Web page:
Five takeaways from Nelson and Scott's first debate

Five takeaways from Nelson and Scott's first debate
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Sen. Bill NelsonClarence (Bill) William Nelson Trump, facing trouble in Florida, goes all in NASA names DC headquarters after agency's first Black female engineer Mary W. Jackson NASA, SpaceX and the private-public partnership that caused the flight of the Crew Dragon MORE (D-Fla.) and Florida Gov. Rick Scott (R) engaged in a bitter war of words in the first debate of their Senate race on Tuesday, touching on issues ranging from the state’s algae crisis to the embattled nomination of Brett Kavanaugh to the Supreme Court.

As the attacks unfolded, a theme emerged in the debate, with Nelson repeatedly accusing Scott of dishonest politics and Scott casting Nelson as a failed career politician.

Here are five takeaways from Friday night’s debate.

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Trump’s agenda was on full display

President TrumpDonald John TrumpDemocrat calls on White House to withdraw ambassador to Belarus nominee TikTok collected data from mobile devices to track Android users: report Peterson wins Minnesota House primary in crucial swing district MORE’s name rarely came up in the hourlong debate between Scott and Nelson. But the same can't be said for his policies.

The debate touched on the Trump administration’s response to Hurricanes Irma and Maria in Puerto Rico, its "zero tolerance" immigration policy and the controversy swirling around Kavanaugh.

“You see children being taken away from their families at the border, which, by the way, when it was happening, my opponent was silent,” Nelson said at one point, referring to the Trump administration policy that resulted in the separation of thousands of immigrant families at the U.S.-Mexico border.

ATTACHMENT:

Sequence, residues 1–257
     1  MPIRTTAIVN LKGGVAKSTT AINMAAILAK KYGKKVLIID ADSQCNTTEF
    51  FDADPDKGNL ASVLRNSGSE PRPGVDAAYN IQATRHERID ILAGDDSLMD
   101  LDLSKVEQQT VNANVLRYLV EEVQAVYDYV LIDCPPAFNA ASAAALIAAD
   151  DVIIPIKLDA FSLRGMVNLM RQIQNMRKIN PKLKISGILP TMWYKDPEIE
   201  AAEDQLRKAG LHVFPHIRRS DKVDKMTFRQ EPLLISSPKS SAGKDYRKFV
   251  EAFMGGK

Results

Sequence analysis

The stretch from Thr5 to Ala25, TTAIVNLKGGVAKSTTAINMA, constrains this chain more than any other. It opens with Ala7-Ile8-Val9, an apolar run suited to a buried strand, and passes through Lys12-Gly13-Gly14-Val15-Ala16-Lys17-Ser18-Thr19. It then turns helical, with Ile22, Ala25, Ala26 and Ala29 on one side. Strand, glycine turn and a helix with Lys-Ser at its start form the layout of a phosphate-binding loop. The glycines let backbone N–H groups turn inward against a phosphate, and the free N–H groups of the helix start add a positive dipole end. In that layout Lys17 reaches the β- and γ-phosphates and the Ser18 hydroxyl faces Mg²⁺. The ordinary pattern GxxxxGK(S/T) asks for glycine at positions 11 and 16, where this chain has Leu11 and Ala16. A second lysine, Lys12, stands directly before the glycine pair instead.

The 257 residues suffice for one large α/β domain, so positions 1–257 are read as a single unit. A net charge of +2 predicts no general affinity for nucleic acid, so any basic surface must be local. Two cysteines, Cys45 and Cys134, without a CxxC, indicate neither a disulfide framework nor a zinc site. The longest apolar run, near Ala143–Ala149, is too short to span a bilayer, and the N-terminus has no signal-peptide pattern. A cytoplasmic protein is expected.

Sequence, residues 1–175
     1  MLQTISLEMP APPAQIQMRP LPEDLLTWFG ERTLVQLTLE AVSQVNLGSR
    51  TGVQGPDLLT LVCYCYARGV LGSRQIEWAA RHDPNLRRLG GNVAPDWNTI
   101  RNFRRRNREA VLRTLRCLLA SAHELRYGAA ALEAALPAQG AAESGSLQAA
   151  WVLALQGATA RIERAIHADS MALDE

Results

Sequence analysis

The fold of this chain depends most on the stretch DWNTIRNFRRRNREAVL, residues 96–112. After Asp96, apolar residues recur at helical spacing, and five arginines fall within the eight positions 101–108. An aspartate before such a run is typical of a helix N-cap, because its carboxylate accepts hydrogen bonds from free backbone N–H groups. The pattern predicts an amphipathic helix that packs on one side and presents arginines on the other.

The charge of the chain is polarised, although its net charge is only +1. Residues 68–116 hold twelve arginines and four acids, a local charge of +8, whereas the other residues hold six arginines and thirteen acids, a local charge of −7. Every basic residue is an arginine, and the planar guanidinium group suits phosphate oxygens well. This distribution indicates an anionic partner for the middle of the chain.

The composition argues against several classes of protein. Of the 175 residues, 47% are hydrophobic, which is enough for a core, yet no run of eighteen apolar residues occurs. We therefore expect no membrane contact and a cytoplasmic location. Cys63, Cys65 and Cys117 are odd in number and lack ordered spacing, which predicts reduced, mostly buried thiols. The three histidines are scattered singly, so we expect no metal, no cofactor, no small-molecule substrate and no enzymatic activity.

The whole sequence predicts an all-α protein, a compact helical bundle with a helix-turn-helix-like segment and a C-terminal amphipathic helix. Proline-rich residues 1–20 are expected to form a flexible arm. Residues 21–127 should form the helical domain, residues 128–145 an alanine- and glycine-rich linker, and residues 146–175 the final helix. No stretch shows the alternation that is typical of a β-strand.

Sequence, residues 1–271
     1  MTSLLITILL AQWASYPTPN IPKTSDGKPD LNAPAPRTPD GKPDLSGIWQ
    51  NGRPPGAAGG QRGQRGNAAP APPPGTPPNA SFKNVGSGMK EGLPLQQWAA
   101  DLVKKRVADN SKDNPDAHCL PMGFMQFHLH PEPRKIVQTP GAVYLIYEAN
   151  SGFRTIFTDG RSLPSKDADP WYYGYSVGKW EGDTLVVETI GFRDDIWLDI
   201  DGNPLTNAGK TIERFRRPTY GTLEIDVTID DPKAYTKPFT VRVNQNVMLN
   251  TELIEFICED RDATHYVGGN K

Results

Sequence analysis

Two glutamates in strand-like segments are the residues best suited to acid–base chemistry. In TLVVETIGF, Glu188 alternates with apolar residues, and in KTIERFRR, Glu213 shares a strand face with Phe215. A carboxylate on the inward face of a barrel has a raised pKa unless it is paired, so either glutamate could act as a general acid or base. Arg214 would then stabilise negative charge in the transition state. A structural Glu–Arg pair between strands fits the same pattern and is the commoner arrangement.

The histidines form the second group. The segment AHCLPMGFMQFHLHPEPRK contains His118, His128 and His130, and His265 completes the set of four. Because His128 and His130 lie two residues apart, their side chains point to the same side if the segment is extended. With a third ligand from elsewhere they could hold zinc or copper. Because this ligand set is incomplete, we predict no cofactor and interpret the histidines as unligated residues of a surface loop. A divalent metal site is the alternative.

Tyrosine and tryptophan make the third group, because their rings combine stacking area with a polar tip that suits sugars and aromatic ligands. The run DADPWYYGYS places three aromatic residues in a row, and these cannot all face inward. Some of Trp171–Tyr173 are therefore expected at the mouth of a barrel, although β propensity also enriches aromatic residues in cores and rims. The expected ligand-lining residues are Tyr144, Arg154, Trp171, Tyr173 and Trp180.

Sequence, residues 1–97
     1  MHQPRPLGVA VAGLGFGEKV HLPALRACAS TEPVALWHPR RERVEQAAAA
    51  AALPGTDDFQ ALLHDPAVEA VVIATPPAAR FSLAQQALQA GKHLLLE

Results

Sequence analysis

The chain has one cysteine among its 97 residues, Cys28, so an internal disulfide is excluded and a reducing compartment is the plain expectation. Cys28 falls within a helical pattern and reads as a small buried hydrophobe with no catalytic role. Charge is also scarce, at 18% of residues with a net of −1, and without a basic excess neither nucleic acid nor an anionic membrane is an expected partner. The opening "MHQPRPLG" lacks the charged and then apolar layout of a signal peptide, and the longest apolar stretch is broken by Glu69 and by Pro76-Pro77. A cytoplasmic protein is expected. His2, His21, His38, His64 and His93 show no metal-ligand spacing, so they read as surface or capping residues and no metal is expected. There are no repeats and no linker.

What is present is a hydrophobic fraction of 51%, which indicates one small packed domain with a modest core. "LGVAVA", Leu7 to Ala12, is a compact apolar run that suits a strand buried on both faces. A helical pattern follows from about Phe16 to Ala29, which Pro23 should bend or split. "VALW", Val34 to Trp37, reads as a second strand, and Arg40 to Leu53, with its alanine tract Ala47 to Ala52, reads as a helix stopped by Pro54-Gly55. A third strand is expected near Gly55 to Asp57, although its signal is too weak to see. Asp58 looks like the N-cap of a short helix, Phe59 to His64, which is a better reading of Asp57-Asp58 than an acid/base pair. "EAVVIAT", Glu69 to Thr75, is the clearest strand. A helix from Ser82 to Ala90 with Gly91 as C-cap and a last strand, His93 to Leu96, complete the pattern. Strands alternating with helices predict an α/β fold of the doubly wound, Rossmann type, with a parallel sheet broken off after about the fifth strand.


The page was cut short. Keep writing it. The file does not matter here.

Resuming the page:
In a rebuttal, Scott called to protect beneficiaries of the Deferred Action for Childhood Arrivals (DACA) program that Trump rescinded last year.

Also on the table: the Trump administration’s handling of the aftermath of hurricanes Irma and Maria, which devastated Puerto Rico last fall. Nelson blasted the administration for treating “the citizens of Puerto Rico as second-class citizens,” while Scott said he was more concerned with helping families than following Trump’s line on the matter.

While Democratic dissatisfaction with Trump has been front-and-center in the midterm elections, Nelson is vying for reelection in a state that voted narrowly for Trump in 2016.

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Scott, on the other hand, has at times played down his alliance with Trump as he seeks a Senate seat in a state with historically unpredictable electoral outcomes.

It’s Nelson’s tenure vs. Scott’s honesty

Since launching his Senate bid back in April, Scott has sought to cast Nelson as a career politician with little to show for his 40-year career in government and politics. An early campaign ad noted 1978 as the year that launched the now-defunct Ford Pinto and Nelson’s congressional career.

That line of attack was ever-present in Tuesday’s debate, with Scott repeatedly arguing that Nelson had done little with his time in Washington. At one point, he suggested that his Democratic opponent was “an example of why we need term limits.”

"Sen. Nelson has been there for decades,” Scott said. “When does he take responsibility?"

Nelson, however, tried to cast the Senate race as a referendum on what he called Scott’s dishonesty and conflicts of interest. He said during the debate that the Florida governor had retreated to a strategy of distraction to avoid answering questions about his own record in office.

"The governor keeps coming out with one whopper after another. Apparently you never got your mouth washed out with soap after telling a lie," Nelson said at one point.

The Florida Senate race has emerged, in a way, as a contest between two incumbents: Nelson, a three-term senator and former representative, and Scott, the term-limited governor. Tuesday’s debate underscored each candidate’s strategy to use their political records against one another.

Kavanaugh fight enters the spotlight

With controversy — and an FBI investigation — looming over Kavanaugh’s Supreme Court nomination, Nelson and Scott represented dueling partisan perspectives.